Video report by Andy Bonner.
When Adam Davenport was diagnosed with profound autism as a toddler, he and his family faced an uncertain future.
"You don't know what lies ahead," his mother Zoe told me. "But we have always believed in Adam and have focused on his strengths."
Adam is non-verbal, meaning he can't comprehend language or communicate through the use of words. As a youngster, Adam had no understanding of the outside world.
After a difficult childhood, Adam progressed through education and transformed his self-confidence at college. Work placements convinced his parents of his potential.
"We saw that Adam was very capable and could do a job. It was just finding a job and how to get to that point," Zoe said.
Thankfully the family was introduced to The Springboard Project, a new initiative which aims to prepare students with special educational needs and disabilities to step into the workplace as productive and fulfilled employees.
It was a relief for Adam's dad Craig.
He said, "We weren't really sure what he was going to do next. When this came along it ticked all the boxes. It's been wonderful for him."
The scheme combines work experience in local businesses with taught sessions and independent learning activities at Springfield School in Crewe.
Now Adam has started work at Thermmark Ltd in Congleton, a factory which makes thermo-plastic markings for roads and playgrounds around the world.
He has secured a permanent 25-hour contract as a packing and assembly assistant.
At first Adam worked alongside job coaches who learned the role themselves and gradually trained him to work independently. Job cards allow him to communicate with his colleagues.
Zoe Macy, the supported internship co-ordinator at Cheshire East Council, said: "What this has meant for Adam and his family is completely life-changing. He's working three days a week now with regular overtime. The chances are that those hours will extend to full time and he only started in January. So it is a very rewarding job."
Adam isn't the only one to benefit. Bosses have been impressed, calling him an "incredible employee."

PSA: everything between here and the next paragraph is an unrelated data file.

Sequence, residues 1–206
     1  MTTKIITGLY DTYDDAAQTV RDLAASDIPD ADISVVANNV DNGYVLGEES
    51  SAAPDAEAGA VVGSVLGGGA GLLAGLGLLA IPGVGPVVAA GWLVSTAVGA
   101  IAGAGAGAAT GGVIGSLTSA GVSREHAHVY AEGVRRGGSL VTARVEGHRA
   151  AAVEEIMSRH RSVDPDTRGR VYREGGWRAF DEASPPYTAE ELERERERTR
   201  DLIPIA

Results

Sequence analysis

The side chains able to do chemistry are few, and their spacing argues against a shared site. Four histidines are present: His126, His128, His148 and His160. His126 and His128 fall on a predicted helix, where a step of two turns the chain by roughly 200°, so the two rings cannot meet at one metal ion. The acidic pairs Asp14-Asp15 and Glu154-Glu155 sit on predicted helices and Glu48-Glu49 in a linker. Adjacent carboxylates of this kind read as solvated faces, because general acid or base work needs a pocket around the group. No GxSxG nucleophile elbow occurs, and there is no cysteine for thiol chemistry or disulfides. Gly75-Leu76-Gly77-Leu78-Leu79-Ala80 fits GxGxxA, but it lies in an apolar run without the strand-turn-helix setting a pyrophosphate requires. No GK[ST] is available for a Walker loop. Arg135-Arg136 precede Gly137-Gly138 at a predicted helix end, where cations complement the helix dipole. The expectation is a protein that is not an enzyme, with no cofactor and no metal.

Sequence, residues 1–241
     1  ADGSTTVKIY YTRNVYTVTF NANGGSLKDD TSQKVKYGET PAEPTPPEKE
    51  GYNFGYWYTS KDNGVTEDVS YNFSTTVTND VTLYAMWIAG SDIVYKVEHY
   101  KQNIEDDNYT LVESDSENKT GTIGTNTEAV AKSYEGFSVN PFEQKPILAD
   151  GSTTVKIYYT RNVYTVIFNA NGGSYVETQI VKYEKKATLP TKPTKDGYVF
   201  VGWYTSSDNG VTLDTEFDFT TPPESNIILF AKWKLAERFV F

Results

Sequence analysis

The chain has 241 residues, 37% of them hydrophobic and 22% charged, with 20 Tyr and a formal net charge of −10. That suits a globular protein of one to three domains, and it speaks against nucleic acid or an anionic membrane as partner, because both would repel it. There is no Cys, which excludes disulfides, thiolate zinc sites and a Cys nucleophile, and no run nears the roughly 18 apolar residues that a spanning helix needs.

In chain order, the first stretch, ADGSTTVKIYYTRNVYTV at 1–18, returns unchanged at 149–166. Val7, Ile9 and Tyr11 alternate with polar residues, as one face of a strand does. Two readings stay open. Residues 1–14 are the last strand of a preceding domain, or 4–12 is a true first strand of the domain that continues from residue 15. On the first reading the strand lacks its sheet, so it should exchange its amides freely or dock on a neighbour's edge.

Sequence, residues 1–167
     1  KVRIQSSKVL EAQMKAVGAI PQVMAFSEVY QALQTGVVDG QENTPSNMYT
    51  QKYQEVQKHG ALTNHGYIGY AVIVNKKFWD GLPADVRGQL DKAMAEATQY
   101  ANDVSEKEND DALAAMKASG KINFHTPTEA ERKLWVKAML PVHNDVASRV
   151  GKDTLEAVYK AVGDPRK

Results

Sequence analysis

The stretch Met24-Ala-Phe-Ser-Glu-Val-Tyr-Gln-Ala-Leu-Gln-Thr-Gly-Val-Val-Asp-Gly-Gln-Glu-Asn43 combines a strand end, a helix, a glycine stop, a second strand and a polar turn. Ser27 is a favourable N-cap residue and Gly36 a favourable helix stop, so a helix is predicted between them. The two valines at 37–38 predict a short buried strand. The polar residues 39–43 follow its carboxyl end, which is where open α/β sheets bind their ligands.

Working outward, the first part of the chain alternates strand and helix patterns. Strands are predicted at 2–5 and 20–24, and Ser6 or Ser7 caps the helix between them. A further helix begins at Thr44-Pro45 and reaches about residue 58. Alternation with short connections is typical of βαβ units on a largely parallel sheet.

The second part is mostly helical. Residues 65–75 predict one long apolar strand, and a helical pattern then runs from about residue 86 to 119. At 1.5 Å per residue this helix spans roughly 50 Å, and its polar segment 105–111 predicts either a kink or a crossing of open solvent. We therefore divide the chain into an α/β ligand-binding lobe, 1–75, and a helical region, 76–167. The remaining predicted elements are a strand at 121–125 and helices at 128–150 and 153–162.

I met Adam's supervisor, James Jump.
He told me, "He's brilliant. From where he started to where he is now, you don't even really have to watch him... He's so independent. It's unbelievable really.
"He's so fast we can't keep up with him. He's a great asset to the company.
"We were a bit apprehensive. We were thinking how is this going to work if he is non-verbal? This is going to be hard. But within a matter of 2-3 weeks of him being here it was there to be seen. This is going to be alright. This is going to be easy. He's a good lad."
James tells me that Adam is part of the team.
"If I'm singing, I've not exactly got a good voice but he'll be laughing with me. If we're having a joke with the lads you see him taking it all in, laughing, smiling and joking.
"And he makes brews. You don't want more than that!"
Company director Vicki Robson told me she wants other companies to be open to supported internships and give all people a chance to find paid work.
She said, "It's a great thing to have a diverse workforce and why shouldn't everybody have an equal opportunity?
"Adam is a fantastic employee. He's brilliant at his job. He's genuinely the perfect fit for that role. And if we can do that as a small to medium size business, with all the distractions that we have going on in a day, then why can't some other bigger companies?"
Adam's parents agree.
Mum Zoe said, "Hopefully more employers will come on board because they've got nothing to lose and an awful lot to gain."
Meanwhile their son, who has found a new passion spending his hard-earned money, has surpassed their expectations.
"He has a communication app and he was actually asking me on his days off to go to Thermmark! So we know he's happy.
"They've really embraced him there. They have been phenomenal. He's happy to go to work every day. His colleagues tell me he works with a smile on his face all day.
"Adam has got his perfect job."